COVID-19 – movement restrictions / “lockdown”

Guidance is not law. [except for some odd occasions where it is]

The Regulations (ie. the law) restricting people from leaving where they’re living is – read Regulation 6

The guidance produced by the government does not reflect the law – it is much more restrictive. The Court will only enforce law, not guidance, so get some proper advice before paying any fixed penalty notice. [The regime of fixed penalty notices here seems like it could turn into a money making exercise/tax on the poor and others who fail to get advice that will allow them to defend any proposed prosecution.]

You can leave your home if you have a “reasonable excuse” and a non-exhaustive list of examples is given.

Without doing things that are currently a really bad idea because they increase the risk of spreading the virus ie. holding a party, BBQ or other event with lots of people attending and being closer to one another than 2 metres or going mountaineering or somewhere else you might get into difficulties of the sort requiring a mountain rescue team to help you out of, there is a lot of scope for being outside your home.

If you need/want to exercise outdoors more than once a day, whilst following the advice about social distancing, go for it. Same if you have a child who is used to be able to be outside and needs a lot of exercise.

If you want to deliver something to a family member or friend who doesn’t meet the current definition of “vulnerable” go for it.

If you’re sharing your home with others and it’s all got a bit tense, or worse, it’s OK to go out.

Public health is important, but so is the government being honest in its publications. There’s no good reason for the government to be issuing guidance that is so much more restrictive than the legislation without acknowledging that that’s what it’s doing.

Separate to the Regulations, thinking about the health implications at present, it’s worth being cautious around activities that pose a higher risk of injury, even if they’re ones you routinely do as a household or individually. Trampolining can cause broken arms/wrists. Various DIY jobs pose the risk of injury. The risks are of getting poorer treatment because the hospitals are overwhelmed with COVID-19 patients and of catching COVID-19 in or around the hospital.


COVID-19 – schools closing edition

All nurseries, schools and FE settings are closing to all children other than those who are cared for by at least one key worker and those who are “vulnerable”. There is quite a wide defintion of vulnerable for these purposes, giving a non-exhaustive list of:

  • supported by social care
  • safeguarding and welfare needs, including Child in Need Plans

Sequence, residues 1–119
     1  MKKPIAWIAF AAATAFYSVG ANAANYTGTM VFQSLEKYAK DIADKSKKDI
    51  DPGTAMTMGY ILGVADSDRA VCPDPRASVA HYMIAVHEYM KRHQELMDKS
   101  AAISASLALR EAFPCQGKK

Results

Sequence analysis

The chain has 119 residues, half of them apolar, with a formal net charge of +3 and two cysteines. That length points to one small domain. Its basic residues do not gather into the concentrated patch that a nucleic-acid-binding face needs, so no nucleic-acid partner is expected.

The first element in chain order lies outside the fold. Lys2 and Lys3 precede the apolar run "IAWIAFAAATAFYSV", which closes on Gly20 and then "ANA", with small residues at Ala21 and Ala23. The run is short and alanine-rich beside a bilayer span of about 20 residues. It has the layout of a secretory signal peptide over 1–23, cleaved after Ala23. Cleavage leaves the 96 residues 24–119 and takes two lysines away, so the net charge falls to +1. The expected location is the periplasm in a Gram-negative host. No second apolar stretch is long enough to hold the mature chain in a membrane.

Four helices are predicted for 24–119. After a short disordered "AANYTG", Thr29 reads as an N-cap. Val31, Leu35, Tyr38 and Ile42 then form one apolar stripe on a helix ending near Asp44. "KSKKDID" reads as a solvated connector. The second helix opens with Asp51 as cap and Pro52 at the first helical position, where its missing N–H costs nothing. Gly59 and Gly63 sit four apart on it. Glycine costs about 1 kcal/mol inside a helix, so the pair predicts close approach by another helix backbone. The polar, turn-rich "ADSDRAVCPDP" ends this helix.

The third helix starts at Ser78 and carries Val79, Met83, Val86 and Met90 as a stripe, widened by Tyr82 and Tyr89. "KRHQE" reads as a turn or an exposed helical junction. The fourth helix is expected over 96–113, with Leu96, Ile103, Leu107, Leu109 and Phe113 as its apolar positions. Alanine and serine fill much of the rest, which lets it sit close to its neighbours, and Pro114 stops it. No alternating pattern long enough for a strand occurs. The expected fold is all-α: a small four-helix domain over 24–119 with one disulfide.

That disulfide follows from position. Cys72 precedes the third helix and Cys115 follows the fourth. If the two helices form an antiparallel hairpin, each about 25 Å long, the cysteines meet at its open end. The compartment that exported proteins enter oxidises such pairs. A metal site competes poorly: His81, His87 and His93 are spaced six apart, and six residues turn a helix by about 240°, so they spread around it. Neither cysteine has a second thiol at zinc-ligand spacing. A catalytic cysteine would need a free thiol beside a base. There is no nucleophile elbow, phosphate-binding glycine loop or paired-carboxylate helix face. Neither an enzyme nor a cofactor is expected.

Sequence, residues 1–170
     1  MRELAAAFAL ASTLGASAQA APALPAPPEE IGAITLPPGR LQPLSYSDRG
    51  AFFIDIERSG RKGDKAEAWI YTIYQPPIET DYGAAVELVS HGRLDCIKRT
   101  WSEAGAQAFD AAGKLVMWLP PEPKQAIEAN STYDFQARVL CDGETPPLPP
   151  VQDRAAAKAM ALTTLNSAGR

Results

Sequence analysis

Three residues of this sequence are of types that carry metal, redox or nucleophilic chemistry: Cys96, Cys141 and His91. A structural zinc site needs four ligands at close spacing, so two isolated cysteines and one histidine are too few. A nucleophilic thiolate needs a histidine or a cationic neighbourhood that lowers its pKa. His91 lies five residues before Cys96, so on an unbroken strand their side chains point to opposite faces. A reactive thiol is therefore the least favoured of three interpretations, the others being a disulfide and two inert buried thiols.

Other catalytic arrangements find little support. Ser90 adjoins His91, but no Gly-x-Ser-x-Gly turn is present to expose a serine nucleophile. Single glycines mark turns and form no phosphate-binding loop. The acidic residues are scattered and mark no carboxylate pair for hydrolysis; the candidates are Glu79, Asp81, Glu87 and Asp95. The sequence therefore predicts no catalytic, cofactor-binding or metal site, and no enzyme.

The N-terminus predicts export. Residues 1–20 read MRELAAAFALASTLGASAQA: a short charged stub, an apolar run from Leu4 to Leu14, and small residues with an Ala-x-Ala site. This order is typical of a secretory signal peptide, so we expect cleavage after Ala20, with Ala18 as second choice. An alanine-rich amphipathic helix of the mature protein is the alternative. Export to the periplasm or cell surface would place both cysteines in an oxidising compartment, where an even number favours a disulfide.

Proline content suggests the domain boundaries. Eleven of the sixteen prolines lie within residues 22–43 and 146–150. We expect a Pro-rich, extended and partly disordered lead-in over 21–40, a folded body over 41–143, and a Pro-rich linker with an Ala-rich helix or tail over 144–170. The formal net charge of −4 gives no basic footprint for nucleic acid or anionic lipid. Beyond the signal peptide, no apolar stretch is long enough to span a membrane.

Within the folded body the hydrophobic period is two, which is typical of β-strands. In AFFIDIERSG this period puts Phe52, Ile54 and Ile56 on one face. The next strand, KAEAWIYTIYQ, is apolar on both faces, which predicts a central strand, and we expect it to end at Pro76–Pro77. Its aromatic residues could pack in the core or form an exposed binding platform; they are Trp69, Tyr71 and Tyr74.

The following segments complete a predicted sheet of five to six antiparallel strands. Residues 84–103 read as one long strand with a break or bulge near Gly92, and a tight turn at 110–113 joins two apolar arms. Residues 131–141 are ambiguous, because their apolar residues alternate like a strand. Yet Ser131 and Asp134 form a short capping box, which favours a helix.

• those with Child Protection Plans
  • Looked After Children
  • Young Carers
  • disabled children
  • children with EHCPs
  • other children with “social” difficulties [which in this sense seems to be more of a reference to their family circumstances than to difficulties the child has interacting with their peers and staff at school]

Some of those definitions are overlapping: ie. a child with a Child Protection Plan, will have safeguarding and welfare needs and will be being supported by social care.

It is explicit that children do not have to be sent to school just because they meet the criteria of “vulnerable”; though for children where there is extensive social services involvement on a child protection basis, any decision to not send them to school should be discussed with the child’s social worker to avoid allegations being made that the child has been removed from school to conceal abuse.

Some children will also meet the criteria for vulnerability to COVID-19 due to eg. asthma, cerebal palsy, diabetes, learning disability. A smaller sub-group will meet the criteria for extra vulnerability to severe side effects eg. those receiving chemotherapy. For many of these children, particularly those in the latter group, it will be better for them to be somewhere other than school if at all possible.

The children with some of the most complex needs in residential special schools will probably need to stay where they are with their existing, familiar staff teams, so far as possible.

The issue as I see it is that the pandemic is going to be a marathon not a sprint and what can be put in place over the short term may not be sustainable for some months. There are considerable risks attached to keeping children out of school, where school is part of the “safety net” for the family. If you are living somewhere where it is difficult to safely take your child outside without getting too close to other people, there are likely to be considerable overall advantages of them going to school and being able to use the school playground. [You may for instance have a child with behavioural needs that mean you need more than one adult to manage them outside and there’s only one person available. you might live close to a main road, be unable drive and not have any open space within walking distance]